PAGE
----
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Goliath Bird Eater

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Scientific Name:  Theraphosa leblondi

This spider is a tarantula, and it is the largest spider in the world. Despite its name, the Goliath Bird eater does not eat birds; it eats invertebrates such as crickets and mealworms, and also small vertebrates such as mice and lizards. Native to South America, these spiders can be as large as 12 inches in leg span, when their legs are stretched out. The Goliath Bird eater is one of the few tarantulas which can catch, kill, and eat a full-grown mouse. 

Female Birdeaters have an average life span of 6 to 14 years. Males die soon after maturity. They have a lifespan of only 3 to 6 years. Colours range from dark to light brown, with faint markings on the legs. They have hair on the body, abdomen, and legs. The female lays from 100 to 400 eggs, which will hatch within two months. Young spiders are called 'spider lings'.

Wild Goliath Bird eaters are a deep burrowing species, found commonly in marshy or swampy areas. They may make a hissing noise when disturbed, and can defend themselves by biting, or by releasing their body hairs.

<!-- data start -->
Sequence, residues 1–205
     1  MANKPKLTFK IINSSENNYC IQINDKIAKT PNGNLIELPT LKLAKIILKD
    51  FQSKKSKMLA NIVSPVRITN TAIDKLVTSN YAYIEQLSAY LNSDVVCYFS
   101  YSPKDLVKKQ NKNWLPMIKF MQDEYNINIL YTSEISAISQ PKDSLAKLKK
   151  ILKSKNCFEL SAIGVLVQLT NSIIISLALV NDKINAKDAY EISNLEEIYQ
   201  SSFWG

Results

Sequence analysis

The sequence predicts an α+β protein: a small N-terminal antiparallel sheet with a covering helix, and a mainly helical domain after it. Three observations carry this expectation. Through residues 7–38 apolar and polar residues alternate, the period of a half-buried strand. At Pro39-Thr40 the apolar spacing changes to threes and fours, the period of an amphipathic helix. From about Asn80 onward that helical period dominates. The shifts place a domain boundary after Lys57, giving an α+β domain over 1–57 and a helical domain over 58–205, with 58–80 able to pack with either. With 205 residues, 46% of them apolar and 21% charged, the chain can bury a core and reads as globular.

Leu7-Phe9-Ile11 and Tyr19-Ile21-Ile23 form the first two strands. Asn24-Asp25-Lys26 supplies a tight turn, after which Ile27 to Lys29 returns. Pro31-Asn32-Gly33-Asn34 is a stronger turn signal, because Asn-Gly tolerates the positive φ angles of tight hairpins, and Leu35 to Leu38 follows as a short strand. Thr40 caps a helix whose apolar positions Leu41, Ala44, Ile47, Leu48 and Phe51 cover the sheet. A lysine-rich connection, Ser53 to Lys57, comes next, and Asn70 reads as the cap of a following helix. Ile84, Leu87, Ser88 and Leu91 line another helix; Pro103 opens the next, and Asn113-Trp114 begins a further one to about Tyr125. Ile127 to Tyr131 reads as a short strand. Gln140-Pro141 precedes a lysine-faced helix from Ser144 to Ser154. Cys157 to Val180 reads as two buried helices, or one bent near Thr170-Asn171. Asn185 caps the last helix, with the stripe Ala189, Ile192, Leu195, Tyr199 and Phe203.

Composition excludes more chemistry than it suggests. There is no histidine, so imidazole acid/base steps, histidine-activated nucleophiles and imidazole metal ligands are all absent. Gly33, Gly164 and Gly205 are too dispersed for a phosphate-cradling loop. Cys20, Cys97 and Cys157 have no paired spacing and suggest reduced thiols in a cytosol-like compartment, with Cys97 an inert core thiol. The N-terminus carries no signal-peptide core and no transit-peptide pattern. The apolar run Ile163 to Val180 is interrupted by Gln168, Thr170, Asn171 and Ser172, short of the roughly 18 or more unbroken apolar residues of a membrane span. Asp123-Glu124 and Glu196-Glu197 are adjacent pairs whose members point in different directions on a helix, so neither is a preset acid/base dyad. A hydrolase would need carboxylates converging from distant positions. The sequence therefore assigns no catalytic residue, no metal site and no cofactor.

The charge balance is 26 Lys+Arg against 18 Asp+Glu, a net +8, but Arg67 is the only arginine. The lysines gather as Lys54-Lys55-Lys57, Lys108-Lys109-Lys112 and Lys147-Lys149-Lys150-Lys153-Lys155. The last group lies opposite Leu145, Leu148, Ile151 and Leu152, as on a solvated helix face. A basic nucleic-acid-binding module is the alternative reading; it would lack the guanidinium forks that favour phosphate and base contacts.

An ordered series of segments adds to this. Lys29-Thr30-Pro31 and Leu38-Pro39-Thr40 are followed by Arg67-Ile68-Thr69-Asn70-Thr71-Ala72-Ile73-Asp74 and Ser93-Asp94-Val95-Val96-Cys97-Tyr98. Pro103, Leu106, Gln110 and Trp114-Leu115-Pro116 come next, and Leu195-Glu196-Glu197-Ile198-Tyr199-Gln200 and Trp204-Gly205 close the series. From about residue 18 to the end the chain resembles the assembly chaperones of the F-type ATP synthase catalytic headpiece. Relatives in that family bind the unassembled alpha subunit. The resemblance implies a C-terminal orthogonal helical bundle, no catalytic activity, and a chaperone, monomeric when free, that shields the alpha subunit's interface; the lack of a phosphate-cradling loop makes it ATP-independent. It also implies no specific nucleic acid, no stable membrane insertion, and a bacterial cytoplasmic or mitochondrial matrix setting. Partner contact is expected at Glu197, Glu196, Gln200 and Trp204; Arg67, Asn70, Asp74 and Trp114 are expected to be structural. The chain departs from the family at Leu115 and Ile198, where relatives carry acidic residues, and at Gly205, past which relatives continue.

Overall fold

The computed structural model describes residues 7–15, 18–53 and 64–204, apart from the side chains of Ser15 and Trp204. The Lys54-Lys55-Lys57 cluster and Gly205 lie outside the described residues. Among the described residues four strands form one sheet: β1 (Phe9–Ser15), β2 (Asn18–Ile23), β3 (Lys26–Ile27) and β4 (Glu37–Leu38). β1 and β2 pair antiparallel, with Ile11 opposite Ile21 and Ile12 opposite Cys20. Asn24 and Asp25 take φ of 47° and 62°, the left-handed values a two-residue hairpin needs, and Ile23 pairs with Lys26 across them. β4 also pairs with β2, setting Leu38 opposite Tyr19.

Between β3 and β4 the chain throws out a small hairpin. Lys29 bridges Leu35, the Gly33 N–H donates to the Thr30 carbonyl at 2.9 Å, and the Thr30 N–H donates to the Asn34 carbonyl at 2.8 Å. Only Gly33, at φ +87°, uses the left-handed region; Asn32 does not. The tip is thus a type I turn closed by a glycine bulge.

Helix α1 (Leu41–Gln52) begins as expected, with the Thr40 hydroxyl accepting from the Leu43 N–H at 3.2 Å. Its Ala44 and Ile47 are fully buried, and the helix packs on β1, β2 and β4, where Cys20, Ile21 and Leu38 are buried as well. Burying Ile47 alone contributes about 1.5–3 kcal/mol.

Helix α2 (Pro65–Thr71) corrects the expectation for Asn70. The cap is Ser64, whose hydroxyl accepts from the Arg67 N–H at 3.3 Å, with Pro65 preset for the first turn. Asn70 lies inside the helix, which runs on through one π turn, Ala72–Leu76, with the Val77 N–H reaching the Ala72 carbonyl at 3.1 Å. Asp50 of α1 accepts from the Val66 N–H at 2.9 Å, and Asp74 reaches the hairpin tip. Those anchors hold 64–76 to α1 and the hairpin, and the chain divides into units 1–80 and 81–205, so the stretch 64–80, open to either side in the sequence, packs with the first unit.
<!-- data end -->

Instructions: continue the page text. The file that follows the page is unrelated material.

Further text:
Fast Facts:

  • The Goliath Bird eater, like all tarantulas, has fangs large enough to break the skin of a human. But its venom is relatively non-toxic; their bite will cause mild discomfort and swelling for a few hours, but problems will occur only if the victim is allergic to spiders, or if the wound becomes infected.
  • The Goliath Bird eater, like many tarantulas, can also release its hairs, which are barbed. These can cause severe discomfort and irritation when they make contact with bare skin, or when they are inhaled. 



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